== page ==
Resolving a Boundary Dispute

A dispute over boundaries can usually be resolved by the Director of the Land Registry upon the application of the owner of the land who believes that part of his property is possessed by his neighbour.

The Immovable Property Law provides the procedure for determining a dispute as to boundaries of any registered land through a local enquiry conducted by the Land Registry in the presence of the owners of the adjacent properties. At the time of the inspection, the Land Registry officer places the land marks which show the boundary line and if the parties do not agree, the Director is obliged to decide on the dispute and inform the parties of his decision. In the event one of the owners is not satisfied, he has the right to file an appeal before the District Court within 30 days from the day the decision is notified to him. The Director has a mandatory duty to decide on the dispute by determining the boundaries in the best possible manner, based on the available information and the Land Registry records.

The actual boundaries of the properties are those registered in the topographical plans of the Land Registry, unless it is proven that the official plans are not correct.

In a number of cases, the actual situation with regard to the possession of a property is different than the official plan due to trespass committed by a neighbour. Obviously, one of the facts taken into consideration by the Director is the actual situation; however, without an adequate or valid reason this fact cannot supersede the official plans which in most of the cases are the authentic guide in boundary disputes.

The official plans were created based on measurements made by the Land Registry, on searches in old files for the division of properties and on searches constantly conducted in the area where the properties situate. The official plans can only be amended if the parties decide amicably to settle their dispute and readjust the boundary line or through a decision made by the Director.

According to the law, the Director resolves the dispute in one of the following ways:

  • (a) by a decision, as provided in article 58 (3),
  • (b) with an amicable settlement without removing the registered common boundary, or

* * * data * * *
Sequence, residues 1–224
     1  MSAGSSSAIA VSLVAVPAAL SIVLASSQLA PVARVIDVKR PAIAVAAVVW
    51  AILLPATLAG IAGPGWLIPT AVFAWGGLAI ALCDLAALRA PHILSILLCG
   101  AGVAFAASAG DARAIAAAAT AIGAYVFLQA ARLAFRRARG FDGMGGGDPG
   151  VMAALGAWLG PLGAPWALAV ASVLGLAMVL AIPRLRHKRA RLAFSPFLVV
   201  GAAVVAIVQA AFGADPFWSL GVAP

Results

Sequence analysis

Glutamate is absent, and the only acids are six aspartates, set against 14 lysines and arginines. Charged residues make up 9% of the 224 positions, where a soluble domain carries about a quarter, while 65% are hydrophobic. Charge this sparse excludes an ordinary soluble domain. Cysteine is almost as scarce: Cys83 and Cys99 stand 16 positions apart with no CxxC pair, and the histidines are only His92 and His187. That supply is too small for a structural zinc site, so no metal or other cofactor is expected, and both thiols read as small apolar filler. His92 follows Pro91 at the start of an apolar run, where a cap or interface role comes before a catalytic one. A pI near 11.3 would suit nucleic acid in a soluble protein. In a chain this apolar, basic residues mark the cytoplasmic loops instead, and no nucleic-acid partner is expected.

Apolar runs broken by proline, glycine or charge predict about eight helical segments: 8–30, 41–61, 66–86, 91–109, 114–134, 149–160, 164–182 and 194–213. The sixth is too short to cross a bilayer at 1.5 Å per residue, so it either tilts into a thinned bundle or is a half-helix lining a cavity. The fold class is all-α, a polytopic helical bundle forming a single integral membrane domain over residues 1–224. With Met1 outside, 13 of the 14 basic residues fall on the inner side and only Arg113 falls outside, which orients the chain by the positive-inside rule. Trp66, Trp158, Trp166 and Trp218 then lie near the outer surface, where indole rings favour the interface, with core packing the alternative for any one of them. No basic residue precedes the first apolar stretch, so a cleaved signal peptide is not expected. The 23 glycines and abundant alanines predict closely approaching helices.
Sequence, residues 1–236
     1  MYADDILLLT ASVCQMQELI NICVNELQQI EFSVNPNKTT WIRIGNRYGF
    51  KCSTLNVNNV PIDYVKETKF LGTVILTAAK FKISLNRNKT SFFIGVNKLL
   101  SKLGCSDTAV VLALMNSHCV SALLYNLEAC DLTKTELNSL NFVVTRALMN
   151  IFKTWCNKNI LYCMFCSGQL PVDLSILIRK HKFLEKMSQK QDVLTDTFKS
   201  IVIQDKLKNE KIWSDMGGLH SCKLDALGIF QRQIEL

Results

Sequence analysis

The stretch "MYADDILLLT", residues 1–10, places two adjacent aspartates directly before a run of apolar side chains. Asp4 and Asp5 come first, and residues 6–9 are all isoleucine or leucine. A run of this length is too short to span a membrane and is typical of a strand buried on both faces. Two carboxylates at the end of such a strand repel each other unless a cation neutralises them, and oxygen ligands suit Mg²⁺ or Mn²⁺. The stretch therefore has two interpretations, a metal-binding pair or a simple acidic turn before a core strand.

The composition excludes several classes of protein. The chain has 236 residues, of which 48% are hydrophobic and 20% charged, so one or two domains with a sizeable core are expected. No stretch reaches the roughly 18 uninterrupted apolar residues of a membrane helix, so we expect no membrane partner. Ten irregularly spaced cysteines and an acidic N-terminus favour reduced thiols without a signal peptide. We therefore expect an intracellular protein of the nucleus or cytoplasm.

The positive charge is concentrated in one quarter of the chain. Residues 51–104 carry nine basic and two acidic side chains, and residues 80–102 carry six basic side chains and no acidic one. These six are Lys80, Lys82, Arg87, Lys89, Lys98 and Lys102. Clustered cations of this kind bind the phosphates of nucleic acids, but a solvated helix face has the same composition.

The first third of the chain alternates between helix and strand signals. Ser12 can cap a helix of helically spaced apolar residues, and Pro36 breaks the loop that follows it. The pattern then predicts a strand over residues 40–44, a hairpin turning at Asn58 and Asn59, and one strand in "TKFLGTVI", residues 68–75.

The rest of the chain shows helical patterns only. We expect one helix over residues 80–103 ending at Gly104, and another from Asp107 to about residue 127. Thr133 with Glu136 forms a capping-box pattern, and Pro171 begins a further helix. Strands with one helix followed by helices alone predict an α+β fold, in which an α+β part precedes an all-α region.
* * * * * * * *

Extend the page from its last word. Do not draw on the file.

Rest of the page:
• (c) with an amicable settlement where the registered common boundary is removed and the boundary line is readjusted.

Even when a dispute is amicably resolved by the owners, the Director has an obligation under the law to issue a decision as it has been agreed between the parties and notify them accordingly. A party who consented to resolve the dispute amicably cannot thereafter change his mind.

The procedure followed by the Land Registry is to request the owners to sign a declaration for the determination of the dispute before the officer who carries out the local enquiry and points out to the owners the registered common boundary of their adjacent properties. Furthermore, the owners are also requested to sign the topographical plan which shows either the common boundary of their properties or the one resulting from their agreement.

Where the owners have settled their dispute in another way that is through an amicable settlement between them without the involvement of the Land Registry, their application, if any, is terminated and dismissed. If in the process one of them changes his mind, the issue can be resolved only through an application submitted to the Land Registry in order to settle their boundary dispute.

When an owner decides to develop his land by constructing a building therein, he should apply to the Land Registry to indicate the boundaries to him in order to avoid any future conflict with his neighbours.

About the author

George Coucounis

George Coucounis is an experienced lawyer practicing in Larnaca, Cyprus. Educated at University College (London) and Thessaloniki University (Greece), George is fluent in English and has been practicing law in Cyprus since 1982.

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